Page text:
May 28, 2024

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Interview with Sazz Leonore: I want to “touch” people with my music: Video

Jazz interview with jazz singer Sazz Leonore. An interview by email in writing. 

JazzBluesNews.Space: – First let’s start with where you grew up, and what got you interested in music?

Sazz Leonore: – I grew up in Tilburg which is in the South of the Netherlands. When I was a little girl I was always singing. We had a big swing in the backyard and I loved to sit on the swing and sing  haha. I remember one day while I was doing my usual act on the swing my mother popped her head out of the kitchen window and asked me if I would like to sing in a group or take lessons and learn more about music. From that moment on I never stopped. My parents always listen to Jazz at home and we had this tradition of dancing in the living room after dinner. So music was always around me and I learned from a young age to listen to Jazz and understand what it is about.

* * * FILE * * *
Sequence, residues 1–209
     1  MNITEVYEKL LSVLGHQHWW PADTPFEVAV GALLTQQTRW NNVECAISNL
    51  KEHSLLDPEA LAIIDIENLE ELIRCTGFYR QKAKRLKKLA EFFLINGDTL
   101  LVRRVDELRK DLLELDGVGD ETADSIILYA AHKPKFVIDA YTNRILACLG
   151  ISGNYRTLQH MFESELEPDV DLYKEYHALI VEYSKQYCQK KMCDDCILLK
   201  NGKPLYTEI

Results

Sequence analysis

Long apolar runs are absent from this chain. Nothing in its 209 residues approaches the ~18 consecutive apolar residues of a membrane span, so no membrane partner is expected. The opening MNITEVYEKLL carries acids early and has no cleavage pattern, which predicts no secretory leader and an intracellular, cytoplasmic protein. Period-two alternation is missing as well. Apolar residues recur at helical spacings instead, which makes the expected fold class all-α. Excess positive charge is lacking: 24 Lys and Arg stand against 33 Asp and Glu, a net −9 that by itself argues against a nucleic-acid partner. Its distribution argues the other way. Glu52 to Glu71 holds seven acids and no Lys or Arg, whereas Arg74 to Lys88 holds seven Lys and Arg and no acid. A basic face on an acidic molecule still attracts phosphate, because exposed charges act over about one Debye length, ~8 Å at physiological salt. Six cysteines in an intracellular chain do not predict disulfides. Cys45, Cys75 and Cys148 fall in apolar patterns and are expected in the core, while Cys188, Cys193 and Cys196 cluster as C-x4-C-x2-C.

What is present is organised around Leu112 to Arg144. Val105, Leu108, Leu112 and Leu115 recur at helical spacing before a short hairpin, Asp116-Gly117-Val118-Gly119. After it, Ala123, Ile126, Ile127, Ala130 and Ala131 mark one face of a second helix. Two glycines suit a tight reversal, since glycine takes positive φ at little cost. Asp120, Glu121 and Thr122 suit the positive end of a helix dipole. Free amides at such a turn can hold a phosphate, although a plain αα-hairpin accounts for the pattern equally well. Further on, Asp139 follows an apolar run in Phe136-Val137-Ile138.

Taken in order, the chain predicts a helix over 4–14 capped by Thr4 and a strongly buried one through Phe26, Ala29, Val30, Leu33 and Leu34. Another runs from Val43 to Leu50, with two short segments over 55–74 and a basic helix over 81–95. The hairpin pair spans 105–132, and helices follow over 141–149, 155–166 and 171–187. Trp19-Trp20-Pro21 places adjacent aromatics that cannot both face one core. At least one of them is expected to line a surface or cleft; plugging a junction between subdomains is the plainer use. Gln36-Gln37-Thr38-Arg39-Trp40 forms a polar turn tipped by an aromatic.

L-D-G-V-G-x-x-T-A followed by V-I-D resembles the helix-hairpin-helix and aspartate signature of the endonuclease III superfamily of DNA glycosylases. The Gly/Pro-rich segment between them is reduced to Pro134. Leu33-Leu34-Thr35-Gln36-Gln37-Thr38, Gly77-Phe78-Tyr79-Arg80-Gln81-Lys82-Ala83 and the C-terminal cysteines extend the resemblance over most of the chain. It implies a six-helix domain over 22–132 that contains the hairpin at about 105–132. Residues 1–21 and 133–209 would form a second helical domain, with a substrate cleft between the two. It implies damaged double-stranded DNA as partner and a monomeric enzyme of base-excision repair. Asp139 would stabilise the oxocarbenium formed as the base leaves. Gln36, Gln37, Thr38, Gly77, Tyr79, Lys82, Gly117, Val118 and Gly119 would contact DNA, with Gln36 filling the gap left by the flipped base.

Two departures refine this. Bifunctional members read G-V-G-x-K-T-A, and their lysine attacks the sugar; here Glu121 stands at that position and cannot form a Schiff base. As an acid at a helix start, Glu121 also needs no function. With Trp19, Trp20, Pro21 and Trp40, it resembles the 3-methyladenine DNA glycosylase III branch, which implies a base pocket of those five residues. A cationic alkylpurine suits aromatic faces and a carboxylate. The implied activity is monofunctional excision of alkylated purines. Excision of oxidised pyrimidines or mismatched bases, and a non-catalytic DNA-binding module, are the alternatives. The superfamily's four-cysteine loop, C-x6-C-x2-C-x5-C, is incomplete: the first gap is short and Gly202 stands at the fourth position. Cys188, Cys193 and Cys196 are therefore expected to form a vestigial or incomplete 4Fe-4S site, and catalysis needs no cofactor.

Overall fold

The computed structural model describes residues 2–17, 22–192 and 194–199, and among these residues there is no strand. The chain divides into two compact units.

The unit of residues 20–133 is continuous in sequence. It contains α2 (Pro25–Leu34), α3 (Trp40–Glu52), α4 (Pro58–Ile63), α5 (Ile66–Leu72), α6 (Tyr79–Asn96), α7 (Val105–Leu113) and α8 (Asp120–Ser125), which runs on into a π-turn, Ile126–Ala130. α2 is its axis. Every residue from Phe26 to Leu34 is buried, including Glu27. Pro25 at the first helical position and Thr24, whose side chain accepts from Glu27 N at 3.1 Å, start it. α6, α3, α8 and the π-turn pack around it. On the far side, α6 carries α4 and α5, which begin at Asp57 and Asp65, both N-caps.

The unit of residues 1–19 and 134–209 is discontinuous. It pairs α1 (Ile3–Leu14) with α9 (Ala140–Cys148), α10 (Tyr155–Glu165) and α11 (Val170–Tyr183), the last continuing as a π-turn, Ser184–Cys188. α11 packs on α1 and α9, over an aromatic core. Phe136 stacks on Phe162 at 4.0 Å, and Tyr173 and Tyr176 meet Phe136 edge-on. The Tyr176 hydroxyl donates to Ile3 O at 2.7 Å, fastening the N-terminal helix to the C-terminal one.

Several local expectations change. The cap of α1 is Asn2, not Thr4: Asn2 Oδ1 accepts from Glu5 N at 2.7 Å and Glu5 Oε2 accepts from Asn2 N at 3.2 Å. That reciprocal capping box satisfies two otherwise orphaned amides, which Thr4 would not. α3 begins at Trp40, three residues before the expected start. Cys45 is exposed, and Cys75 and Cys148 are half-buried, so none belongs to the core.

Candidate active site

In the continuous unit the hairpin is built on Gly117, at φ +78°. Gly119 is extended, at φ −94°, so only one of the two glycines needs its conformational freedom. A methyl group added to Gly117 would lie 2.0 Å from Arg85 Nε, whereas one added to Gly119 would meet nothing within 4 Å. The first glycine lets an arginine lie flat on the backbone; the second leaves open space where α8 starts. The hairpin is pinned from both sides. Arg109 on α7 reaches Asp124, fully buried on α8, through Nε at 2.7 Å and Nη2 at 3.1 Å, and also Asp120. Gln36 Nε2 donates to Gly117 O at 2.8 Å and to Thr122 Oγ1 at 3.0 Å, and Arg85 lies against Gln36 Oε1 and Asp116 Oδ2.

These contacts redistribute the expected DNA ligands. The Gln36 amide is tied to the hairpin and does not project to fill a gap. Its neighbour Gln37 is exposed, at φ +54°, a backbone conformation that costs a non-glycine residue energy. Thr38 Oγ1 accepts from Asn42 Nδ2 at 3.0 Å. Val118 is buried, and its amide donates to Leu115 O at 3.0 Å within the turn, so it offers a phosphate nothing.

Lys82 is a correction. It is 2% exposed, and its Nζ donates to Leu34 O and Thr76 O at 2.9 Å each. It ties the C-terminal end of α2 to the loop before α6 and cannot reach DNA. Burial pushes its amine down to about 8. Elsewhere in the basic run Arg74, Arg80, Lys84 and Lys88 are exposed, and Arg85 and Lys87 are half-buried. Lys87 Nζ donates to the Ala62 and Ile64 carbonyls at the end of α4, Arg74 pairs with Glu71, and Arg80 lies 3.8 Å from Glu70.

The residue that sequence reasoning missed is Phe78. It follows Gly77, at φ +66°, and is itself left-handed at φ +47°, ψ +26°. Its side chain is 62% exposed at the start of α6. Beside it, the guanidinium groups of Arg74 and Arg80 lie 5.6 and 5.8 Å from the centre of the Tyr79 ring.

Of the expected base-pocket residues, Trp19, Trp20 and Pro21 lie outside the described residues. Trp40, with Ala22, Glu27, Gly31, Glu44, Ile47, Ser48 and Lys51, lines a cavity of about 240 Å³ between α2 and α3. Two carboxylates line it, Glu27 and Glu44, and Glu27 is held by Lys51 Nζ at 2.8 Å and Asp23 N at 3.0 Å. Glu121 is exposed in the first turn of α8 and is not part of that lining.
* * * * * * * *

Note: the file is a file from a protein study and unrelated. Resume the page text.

JBN.S: – What got you interested in picking up the jazz vocal? What teacher or teachers helped you progress to the level of playing you have today? What made you choose the jazz vocal?

SL: – My parents had a big love for music and especially Jazz. They had a large cabinet with drawers full of cd’s in the living room. Often I took one of those cd’s and went to my room to listen to it. That’s where my love for vocal jazz started. When you hear the female legends like Ella Fitzgerald or Sarah Vaughan sing, you feel what they have been through and what their message is. Not only in the words but in the way they sing as well.